Analysis of Kumau Brathwaite's "Dream Haiti"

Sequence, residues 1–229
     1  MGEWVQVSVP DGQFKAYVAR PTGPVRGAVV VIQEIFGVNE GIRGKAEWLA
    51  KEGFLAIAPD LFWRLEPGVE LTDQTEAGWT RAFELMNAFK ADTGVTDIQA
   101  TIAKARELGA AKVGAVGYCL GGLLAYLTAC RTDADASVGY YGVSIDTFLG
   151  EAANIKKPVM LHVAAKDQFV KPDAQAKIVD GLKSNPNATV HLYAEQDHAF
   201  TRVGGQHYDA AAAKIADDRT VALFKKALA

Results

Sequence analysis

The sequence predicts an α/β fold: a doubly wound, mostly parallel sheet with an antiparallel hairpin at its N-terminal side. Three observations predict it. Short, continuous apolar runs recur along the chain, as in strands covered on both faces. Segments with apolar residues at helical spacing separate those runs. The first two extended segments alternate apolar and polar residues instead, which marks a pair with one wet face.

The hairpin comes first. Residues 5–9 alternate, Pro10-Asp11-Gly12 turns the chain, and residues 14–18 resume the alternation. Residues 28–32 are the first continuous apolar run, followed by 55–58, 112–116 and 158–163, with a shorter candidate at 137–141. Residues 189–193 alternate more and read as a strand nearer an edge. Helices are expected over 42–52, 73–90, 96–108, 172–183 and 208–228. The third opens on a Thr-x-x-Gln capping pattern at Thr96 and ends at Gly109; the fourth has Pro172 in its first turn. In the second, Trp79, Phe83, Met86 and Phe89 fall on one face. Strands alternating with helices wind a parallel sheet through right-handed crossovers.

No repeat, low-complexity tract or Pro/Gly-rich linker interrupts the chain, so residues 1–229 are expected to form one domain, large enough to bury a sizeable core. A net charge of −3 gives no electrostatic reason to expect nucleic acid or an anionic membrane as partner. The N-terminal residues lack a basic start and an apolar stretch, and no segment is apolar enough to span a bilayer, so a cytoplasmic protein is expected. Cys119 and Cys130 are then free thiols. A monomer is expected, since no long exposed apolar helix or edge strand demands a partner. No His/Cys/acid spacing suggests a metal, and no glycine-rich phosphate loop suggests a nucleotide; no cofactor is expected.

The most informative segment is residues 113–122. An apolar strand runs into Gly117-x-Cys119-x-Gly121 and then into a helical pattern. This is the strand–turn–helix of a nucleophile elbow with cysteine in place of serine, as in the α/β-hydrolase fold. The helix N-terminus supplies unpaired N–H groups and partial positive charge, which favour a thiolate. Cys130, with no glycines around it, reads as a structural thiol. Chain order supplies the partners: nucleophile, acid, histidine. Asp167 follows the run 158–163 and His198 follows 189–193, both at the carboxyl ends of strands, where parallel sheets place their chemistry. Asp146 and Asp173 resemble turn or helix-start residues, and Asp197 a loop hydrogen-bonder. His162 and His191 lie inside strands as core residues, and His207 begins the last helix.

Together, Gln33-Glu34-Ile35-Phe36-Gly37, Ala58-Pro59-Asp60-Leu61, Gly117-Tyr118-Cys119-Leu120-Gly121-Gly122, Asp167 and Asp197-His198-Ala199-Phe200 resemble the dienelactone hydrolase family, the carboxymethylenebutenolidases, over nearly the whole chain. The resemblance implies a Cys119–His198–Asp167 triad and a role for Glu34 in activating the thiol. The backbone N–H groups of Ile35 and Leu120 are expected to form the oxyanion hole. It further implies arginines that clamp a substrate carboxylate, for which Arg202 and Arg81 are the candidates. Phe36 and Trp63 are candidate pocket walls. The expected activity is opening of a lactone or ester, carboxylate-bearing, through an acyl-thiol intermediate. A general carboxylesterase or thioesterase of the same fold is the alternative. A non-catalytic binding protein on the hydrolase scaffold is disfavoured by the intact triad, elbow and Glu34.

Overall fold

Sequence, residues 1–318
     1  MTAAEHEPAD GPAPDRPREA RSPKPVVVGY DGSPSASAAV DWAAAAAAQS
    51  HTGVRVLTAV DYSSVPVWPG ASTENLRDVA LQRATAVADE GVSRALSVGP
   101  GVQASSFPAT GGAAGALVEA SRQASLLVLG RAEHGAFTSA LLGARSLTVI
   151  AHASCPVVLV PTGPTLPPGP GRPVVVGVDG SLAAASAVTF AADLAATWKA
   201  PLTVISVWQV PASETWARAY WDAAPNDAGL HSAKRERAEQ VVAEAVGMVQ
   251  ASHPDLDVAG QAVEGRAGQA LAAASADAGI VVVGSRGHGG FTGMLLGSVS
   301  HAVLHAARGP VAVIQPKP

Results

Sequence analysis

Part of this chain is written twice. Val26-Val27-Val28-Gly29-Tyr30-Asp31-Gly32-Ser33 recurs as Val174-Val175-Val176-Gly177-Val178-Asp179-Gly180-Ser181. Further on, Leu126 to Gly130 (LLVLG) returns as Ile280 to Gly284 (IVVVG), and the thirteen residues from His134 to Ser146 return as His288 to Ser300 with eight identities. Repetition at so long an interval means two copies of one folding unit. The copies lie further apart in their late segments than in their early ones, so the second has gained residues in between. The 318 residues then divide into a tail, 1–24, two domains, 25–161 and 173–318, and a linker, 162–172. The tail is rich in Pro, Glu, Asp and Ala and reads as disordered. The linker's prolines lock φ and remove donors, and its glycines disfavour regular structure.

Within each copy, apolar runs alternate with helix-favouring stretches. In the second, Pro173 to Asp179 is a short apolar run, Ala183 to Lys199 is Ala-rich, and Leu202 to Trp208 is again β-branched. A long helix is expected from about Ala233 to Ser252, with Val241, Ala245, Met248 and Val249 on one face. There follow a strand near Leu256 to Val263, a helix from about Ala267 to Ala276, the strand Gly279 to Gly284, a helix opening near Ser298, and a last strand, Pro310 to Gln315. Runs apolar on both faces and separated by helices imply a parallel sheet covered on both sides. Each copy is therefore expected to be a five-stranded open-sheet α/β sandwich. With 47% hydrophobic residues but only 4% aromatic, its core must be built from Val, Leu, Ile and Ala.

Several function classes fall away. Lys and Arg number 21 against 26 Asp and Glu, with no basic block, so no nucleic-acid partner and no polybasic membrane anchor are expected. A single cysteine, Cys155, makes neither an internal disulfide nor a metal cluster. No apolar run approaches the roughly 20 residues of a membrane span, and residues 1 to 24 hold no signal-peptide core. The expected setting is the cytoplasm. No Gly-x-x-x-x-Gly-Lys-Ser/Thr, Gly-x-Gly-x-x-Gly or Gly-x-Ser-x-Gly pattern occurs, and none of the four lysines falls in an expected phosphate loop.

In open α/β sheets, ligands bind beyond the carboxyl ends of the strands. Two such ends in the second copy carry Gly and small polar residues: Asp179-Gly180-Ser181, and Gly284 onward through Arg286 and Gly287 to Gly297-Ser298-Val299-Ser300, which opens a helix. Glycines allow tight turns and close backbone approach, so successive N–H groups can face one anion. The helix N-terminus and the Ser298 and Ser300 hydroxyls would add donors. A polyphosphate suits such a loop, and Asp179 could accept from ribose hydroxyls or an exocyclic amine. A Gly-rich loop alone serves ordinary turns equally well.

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The short story is a literary genre of fictional, prose narrative that tends to be more concise than longer works of fiction such as novellas and novels. Short stories have their origins in oral story-telling traditions and the prose anecdote that comes rapidly to its point. Within Caribbean literature, contemporary writers are attracted to this form. According to Jeremy Poynting this is perhaps due to “an urge to tell stories that remain closer to an oral tradition of storytelling than is the case in Western cultures,” (2) since the writer is more capable to bring out his voice “in the short story than in more extended works of fiction” (2) One such author is Barbados born, L. Edward Kamau Brathwaite. Throughout his adult life he has distinguished himself as a Caribbean poet and cultural historian. His compilation Dreamstories embodies the “symbolic dramatizations of the phobias, desires and areas of trauma of Brathwaite as a straitened subject.” (Rohlehr, VII) In his collection, he explores the plunge into personal and socio-cultural history. This is particularly seen in the story “Dream Haiti” which more echoes the likes of a free verse poem than an actual short narrative. “Dream Haiti” takes the reader on a disoriented dream-voyage where the narrator, a Haitian refugee, discovers himself imprisoned by his own circumstances with no clear sight of emancipating himself. Through the voices of the narrator, the author and a distant subconscious voice, the personal history of Brathwaite and the social history of the Caribbean and its people are explored in the writer’s craft. Reference to Haitian socio-cultural history is prevalent in “Dream Haiti.” The narrator has left Haiti in the “petit martin” in order to escape from dictatorship of Duvalier as is proven by the reference to “macoute.” After surviving an attempted coup in 1958, Duvalier established the the Volontaires de la Sécurité Nationale (MVSN) more commonly known as the Tonton Macoute (or fabled bogeyman). The story also coincides during the period when there was a surge of Haitian refugees illegally entering the United States of America. Brathwaite therefore associates his 1968 visit to Haiti during the Duvalier regime with that of the 1991 coup which led to many Haitians fleeing the Caribbean island. This is made effective through the dream sequence as it lends to the blurring of time yet due to the similarity of the situations there is still coherency and fluidity in the story. There is also reference to African Americans detachment to the Haitians’ quandary. This is seen by the “drowning Haitians” who are “lobbying by with their heads up and down in the curve of the water and their arms still vainly trying to reach Miami and Judge Thomas and the Supreme court.”(111) Brathwaite brings the effects of the 1991 coup to the forefront in the story. The plights of the refugees therefore falls against deaf airs and they become unwanted and “drown” in the “grey pool.” This is the antithesis of the American Dream in which so many of the refugees believe. There are illustrations of the Haiti’s more glorious past, with the likes of Toussaint but it has lost its power in the present mind of Haiti and its people. Moreover, the politicians of the region collapse into one complex figure in Margaret T. Eugenia Azuchar. Margaret T. is derives from Margaret Thatcher who was the British Prime Minister from 1979 to 1990 and Leader of the Conservative Party from 1975 to 1990. She is the first and to date only woman to hold either post. Eugenia derives from Dominica first female Prime Minister Dame Eugenia Charles. She was the first female prime minister in the Caribbean, and the first woman elected in her own right as head of government in North America. She is Dominica's first and to date only female prime minister. The surname “Azuchar” derives from the Spanish word “azucar’ which means sugar. Since one’s surname provides us with a foundation to one’s identity the...
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